Hillary Rodham Clinton's campaign team had hoped to frame her trip hopscotching through the mansions of some of California's deepest-pocketed donors this week as an exercise in modesty, highlighting the relatively low price of a ticket to the events as a reflection of her commitment to cultivating the grass roots.
But that narrative quickly unraveled when word got out that the candidate was also using the California trip as an occasion to begin courting an entirely different group.
Clinton, who has emphasized campaign finance reform in the early stage of her latest White House bid, has apparently already decided the modest approach alone won't be enough. She is going after much bigger checks, much sooner, and in a much more aggressive way than her campaign had revealed.
The candidate will be pushing the boundaries of campaign finance law further than any Democratic presidential contender ever has by directly asking donors to give to a friendly "super PAC" that can raise unlimited amounts of campaign cash from donors, according to a person familiar with her plans. That effort started in California on Wednesday, when Clinton met in San Francisco with potential donors of the organization, Priorities USA Action. She had another meeting in Los Angeles on Thursday.
Clinton's plans to raise money for Priorities USA was first reported by the New York Times. Campaign officials are declining to comment.
Clinton would not be the first contender in this year's race to go after such cash. On the Republican side, former Florida Gov. Jeb Bush has been soliciting checks for as much as $1 million for his super PAC.
Candidates avoided such activity in the 2012 race, adhering to a law that says they cannot coordinate directly with the groups. (Bush, though, has not yet declared his candidacy and is free to work with the group until he does so.)
But the increasingly permissive approach of the Federal Election Commission, whose members are deadlocked over the question of how candidates can and cannot engage with super PACs, is leading the presidential contenders to take ever bolder approaches. Clinton supporters say she is caught up in a campaign arms race and she has no choice but to use the tools her opponents have at their disposal.
Still, the quick shift on fundraising puts Clinton in an awkward position.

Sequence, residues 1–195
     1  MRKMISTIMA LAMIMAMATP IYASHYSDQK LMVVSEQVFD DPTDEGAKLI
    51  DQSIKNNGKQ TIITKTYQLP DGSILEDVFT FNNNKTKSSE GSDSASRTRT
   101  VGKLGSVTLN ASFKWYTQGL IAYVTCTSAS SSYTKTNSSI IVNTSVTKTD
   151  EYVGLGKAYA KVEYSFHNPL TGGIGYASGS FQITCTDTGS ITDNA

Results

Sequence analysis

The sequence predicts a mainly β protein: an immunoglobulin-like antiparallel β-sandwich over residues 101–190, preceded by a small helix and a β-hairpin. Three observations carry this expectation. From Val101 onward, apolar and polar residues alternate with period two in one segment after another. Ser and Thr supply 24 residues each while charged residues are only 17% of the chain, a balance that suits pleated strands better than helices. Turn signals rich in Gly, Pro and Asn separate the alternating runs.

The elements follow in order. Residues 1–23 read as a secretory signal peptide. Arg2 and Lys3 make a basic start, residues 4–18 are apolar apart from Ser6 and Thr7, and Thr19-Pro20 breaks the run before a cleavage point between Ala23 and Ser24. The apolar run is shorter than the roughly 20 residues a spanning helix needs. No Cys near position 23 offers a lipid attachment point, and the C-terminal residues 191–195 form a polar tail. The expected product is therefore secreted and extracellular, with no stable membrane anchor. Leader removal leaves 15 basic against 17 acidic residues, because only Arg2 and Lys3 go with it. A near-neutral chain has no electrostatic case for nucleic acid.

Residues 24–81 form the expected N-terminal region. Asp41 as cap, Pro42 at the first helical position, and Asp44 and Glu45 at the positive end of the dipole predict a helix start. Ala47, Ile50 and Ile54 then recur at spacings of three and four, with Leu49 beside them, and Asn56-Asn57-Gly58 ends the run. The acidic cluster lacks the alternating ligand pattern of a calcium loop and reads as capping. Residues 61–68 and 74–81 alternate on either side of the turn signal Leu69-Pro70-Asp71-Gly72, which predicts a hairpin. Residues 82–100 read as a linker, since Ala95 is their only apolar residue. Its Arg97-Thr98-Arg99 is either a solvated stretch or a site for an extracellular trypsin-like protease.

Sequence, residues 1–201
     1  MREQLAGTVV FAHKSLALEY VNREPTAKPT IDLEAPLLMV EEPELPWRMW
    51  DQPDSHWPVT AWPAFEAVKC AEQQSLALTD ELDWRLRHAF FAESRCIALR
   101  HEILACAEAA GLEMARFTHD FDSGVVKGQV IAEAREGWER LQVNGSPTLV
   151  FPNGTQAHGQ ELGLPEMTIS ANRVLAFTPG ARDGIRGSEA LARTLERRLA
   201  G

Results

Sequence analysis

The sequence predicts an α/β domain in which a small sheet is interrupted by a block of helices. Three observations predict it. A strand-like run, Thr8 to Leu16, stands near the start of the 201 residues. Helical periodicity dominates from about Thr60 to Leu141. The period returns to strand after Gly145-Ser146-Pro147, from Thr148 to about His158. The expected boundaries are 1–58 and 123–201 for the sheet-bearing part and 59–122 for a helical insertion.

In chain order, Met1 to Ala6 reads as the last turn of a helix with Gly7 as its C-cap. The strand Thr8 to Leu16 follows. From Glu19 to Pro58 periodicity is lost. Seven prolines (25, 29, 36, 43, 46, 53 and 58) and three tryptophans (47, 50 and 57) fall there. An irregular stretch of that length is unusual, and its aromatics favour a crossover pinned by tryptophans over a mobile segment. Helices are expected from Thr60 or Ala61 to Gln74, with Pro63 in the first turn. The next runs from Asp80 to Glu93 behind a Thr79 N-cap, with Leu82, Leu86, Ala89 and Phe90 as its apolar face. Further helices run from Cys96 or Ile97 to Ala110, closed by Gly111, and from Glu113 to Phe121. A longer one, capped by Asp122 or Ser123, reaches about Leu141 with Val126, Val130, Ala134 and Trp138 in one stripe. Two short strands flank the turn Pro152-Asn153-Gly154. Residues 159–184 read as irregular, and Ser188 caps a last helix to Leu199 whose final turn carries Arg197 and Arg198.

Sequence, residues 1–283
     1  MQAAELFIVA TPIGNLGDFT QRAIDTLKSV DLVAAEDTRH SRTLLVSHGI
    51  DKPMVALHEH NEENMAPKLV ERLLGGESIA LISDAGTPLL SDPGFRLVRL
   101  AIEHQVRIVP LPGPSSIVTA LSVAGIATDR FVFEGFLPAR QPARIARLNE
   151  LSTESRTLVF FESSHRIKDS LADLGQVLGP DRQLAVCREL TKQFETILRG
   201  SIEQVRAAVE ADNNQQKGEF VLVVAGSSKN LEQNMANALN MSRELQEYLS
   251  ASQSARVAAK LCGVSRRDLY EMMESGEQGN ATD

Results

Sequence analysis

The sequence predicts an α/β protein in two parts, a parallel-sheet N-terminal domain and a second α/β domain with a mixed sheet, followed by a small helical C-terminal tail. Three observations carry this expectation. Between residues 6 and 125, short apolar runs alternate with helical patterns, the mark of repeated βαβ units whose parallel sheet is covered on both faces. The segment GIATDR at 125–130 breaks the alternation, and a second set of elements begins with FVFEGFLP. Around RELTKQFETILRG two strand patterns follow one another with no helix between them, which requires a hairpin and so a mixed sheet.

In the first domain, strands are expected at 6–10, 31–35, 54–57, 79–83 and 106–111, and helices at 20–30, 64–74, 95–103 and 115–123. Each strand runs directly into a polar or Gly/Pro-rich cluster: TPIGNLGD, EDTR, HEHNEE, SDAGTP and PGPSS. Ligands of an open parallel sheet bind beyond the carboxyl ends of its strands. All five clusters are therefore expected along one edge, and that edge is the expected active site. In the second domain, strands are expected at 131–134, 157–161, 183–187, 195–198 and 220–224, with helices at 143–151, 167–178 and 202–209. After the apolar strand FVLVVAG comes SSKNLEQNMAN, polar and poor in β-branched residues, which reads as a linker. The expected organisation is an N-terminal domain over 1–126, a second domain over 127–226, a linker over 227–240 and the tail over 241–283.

"Just three weeks ago, Hillary Clinton decried unaccountable money in politics and even called for amending the Constitution to ban it," said Jeff Bechdel, communications director for America Rising, a conservative research group. "Today, she announced she's going to personally court donors and raise money for her own super PAC. … Clinton's hypocrisy knows no bounds."
The California trip was supposed to be a chance for Clinton to showcase a more modest approach to fundraising, one that squared with what she promised would be a campaign that is humble, lean and focused on the values of everyday Americans.
Even though the events were to be held in the homes of billionaires and mega-millionaires, including hedge-fund titan Tom Steyer and media mogul Haim Saban, donors were not to give more than $2,700.
Those who want to give more than that can encourage others to give checks, becoming what's known as a campaign bundler. Clinton's campaign calls its bundlers "Hillstarters," and those designated as such get perks that include invites to receptions with the candidate. Clinton is making it much easier to get in this circle of fundraisers than she did eight years ago, when supporters had to raise $100,000. Now, they need only to generate $27,000 for the campaign.
"It's a far smaller bundling program than other presidential campaigns and is designed to involve more people and build the donor base," a campaign aide said.
But that effort to engage a larger group of donors early on and set a tone of relative modesty got overshadowed quickly, as donors pushed the candidate to seize the momentum from her announcement and start collecting big checks from big donors eager to write them.